In contrast to the behavior in water-wet Berea, gel does not appear to trap high levels of residual oil during water flow following oil flow after gel placement (Table 2 and Figure 21). Nevertheless, our results in polyethylene indicated that the water residual resistance factors were still substantially greater than the residual resistance factors observed during the previous oil flow (Frrw/Frro =89). Similar to the case for Berea, the primary pathways for water flow could be either thin water films and/or through the gel itself (schematic in Figure 27).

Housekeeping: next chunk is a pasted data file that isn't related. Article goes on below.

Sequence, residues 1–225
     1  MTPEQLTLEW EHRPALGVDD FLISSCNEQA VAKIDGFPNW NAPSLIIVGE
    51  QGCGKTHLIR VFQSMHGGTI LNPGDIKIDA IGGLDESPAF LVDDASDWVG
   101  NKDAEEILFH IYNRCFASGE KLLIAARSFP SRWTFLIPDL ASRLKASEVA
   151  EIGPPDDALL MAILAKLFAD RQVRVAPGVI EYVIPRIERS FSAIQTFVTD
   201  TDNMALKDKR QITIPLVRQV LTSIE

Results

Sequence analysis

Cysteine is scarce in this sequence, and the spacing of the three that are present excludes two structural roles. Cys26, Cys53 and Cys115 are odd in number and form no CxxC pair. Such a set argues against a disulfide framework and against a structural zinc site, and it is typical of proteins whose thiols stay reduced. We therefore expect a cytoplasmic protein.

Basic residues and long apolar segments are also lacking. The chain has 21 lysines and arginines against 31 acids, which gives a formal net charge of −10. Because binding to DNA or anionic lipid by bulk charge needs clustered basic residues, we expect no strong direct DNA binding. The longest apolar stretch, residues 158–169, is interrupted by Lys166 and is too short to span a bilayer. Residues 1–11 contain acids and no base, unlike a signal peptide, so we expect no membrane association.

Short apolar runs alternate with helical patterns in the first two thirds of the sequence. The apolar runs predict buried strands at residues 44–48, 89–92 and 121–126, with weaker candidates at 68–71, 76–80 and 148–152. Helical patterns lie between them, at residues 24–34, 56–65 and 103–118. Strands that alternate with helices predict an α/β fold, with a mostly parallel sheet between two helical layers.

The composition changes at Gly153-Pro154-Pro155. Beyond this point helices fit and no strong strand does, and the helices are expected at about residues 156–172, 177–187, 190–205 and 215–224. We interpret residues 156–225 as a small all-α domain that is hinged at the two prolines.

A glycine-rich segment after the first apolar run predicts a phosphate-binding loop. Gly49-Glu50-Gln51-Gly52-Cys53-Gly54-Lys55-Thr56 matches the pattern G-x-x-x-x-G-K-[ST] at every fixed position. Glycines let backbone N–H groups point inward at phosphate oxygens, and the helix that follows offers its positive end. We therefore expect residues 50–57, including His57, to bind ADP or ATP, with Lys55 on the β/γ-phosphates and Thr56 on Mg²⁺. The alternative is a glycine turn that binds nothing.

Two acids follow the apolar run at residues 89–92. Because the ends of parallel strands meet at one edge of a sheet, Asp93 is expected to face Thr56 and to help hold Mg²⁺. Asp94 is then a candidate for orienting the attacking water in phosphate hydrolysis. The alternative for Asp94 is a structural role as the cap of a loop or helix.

Table 2 indicates that the water saturation (or the combined water plus gel saturation) in polyethylene changed from 99.8% immediately after gel placement, to 83.5% at Swr after gel to 99.7% at Sor after gel. If the decrease in Sw from 99.8% to 83.5% during oil injection was entirely due to dehydration, the gel would have been concentrated by a factor of 1.2—much less than observed in Berea. If the increase in Swfrom 83.5% to 99.7% during water injection was entirely due to rehydration, the gel would have swelled almost entirely back to its original size. Additional evidence of rehydration comes from the Frro and Frrw values for gel in the polyethylene core (Frro =24, Frrw =2,130). Since our earlier discussion suggested that oil and water may largely follow the same path, the high Frrwvalue could be explained by gel rehydration partially closing the path.